an After abortion: The Twelfth Day of Christmas (aka Three Kings Day, aka El Día de Reyes Magos, aka The Solemnity of the Epiphany)

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Sunday, January 5, 2014

The Twelfth Day of Christmas (aka Three Kings Day, aka El Día de Reyes Magos, aka The Solemnity of the Epiphany)

January 5, Solemnity of the Epiphany

Epiphany is a large celebration, especially in Spanish speaking countries. Things look different around the household: the infant Jesus in the manger now has a small gold crown and is wearing regal robes. The figures of the wise men have reached Bethlehem, completing the nativity scene.
The Church extends itself on Epiphany to the homes of the faithful. The custom of blessing the home on this day probably originated from these words in the Gospel, "And entering into the house, they found the Child with Mary, His Mother, and falling down they adored Him." The priest blesses the house if he can be present, but if not, the father of the family may do so.
"Epiphany" "takes its name from the Greek epiphania, which denotes the visit of a god to earth. The first idea of the feast is the manifestation of Christ as the Son of God. 'Begotten before the daystar and before all ages, &nbsp the Lord our Savior is this day made manifest to the world.'" Read on that link for the second and third things also celebrated this same day.
Three Kings Day is a very big deal in Puerto Rico, Mexico, Spain and other Spanish speaking, Catholic-practicing communities, including Chile, Mexico, Honduras, Ecuador, Cuba, El Salvador, and Dominican Republic. And even here in the U.S. Great traditions, things I'd never heard of, like "Rosca de Reyes" and boxes of grass for the kings' camels!
Although I'm not Hispanic, I remember as a child, we would have our Nativity creche all set up before Christmas, sans the Infant Jesus and the Three Wise Men statues. They were kept out of sight until Christmas and The Feast of the Epiphany, respectively. I kept up that tradition raising my own son. I hope he will too someday, if ever he has his own children.
And when my son was younger and an active member of our Church's youth group, the priest directing the group began a Three Kings Day celebration where the kids and parents would all round-robin to various homes hosting different courses of a meal: appetizers, main buffet, then dessert. This was to approximate the wandering and searching of the Three Kings. At each home, we'd sing a verse of "We Three Kings," then at the final one, have a free-for-all Yankee swap (think 30-50 people and wrapped gifts numbering the same). It was some of the best fun I have ever had.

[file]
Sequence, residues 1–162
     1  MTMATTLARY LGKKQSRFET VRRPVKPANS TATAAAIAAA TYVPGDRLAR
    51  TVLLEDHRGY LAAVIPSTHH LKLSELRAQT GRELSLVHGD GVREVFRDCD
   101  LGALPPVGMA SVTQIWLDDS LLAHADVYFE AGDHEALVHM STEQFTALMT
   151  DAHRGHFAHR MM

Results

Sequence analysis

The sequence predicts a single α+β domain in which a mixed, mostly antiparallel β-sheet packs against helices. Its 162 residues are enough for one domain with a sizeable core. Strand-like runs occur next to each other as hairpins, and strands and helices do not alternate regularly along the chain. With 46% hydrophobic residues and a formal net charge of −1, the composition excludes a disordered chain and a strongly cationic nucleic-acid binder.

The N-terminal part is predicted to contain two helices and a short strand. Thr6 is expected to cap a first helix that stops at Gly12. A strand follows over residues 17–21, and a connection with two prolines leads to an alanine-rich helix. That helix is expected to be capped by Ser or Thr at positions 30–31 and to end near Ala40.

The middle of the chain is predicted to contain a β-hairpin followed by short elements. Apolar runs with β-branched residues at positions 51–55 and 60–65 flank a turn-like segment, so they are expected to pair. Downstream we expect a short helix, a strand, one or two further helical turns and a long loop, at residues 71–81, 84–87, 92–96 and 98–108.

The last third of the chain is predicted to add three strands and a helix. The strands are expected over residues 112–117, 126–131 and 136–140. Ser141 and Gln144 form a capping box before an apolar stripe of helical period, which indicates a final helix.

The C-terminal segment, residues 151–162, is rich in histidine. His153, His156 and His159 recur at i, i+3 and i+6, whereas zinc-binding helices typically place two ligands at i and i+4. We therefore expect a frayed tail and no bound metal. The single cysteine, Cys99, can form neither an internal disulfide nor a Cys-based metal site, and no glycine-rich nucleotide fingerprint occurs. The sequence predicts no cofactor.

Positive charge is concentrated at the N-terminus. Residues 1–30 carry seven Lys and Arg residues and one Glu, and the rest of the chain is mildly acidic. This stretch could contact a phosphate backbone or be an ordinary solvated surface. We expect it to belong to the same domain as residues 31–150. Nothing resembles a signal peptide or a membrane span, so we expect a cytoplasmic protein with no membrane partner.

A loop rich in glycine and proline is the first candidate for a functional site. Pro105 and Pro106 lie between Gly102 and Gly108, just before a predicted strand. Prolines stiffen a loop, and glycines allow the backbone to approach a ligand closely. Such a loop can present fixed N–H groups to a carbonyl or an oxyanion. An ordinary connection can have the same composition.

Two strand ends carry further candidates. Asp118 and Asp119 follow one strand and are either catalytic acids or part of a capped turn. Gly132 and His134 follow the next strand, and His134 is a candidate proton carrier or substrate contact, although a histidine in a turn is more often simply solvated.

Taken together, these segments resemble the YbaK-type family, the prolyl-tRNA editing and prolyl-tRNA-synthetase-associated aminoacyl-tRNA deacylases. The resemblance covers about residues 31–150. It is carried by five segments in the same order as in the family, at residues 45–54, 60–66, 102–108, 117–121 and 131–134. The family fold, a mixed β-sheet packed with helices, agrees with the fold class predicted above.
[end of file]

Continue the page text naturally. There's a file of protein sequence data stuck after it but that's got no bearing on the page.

Why is Three Kings Day such a big deal?
In the West Christ's birthday had already been celebrated for some time on December 25. But with this feast was associated all the poverty and helplessness of the cave of Bethlehem; Mary and Joseph watched beside the crib in poverty, and the shepherds that came to offer their humble worship were equally poor. This aspect was lost sight of in the Feast of the Epiphany. It is true that the Magi found a poor, weak child, attended by poor parents. But through their faith they recognized and acknowledged the helpless Infant as the Redeemer and King of the world, and as such they adored Him. In the Feast of Christmas Christ is shown as man to a few of His chosen souls; in the Feast of the Epiphany, on the other hand, He appears to the whole world as God.
The Epiphany is the high point of Christmas and the fulfillment of Advent...If the Feast of Epiphany is to be fully understood as the Church sees it, it will have to be viewed from two aspects: that of God who manifested Himself to man, and that of man, typified in the Magi, who responded with wholehearted faith and love. It is, therefore, a day of faith and grace on which no other prayer ought to take precedence over that petition of the Our Father, "Thy Kingdom Come!" — Excerpted from With Christ Through the Year, Rev. Bernard Strasser, O.S.B.
In this twelve-part series, I'd originally begun to reference the long-believed idea that the song "The Twelve Days of Christmas" was full of hidden catechism lessons. Then I read this article, which in truth is more a secular "" website than a "Catholic" one, so I don't consider it a true Catholic reference source. Nonetheless, it does refocus on all the very same Catholic feast days, saints and beliefs that I've just outlined this past 12 days. No matter what version of that song's explanation you believe, it can't hurt learning that Catholics, too, have a "culture," especially a Christmas culture and that it doesn't end with Christmas Day, but rather starts with it. Because it we're not careful here in the U.S., we could lose that.

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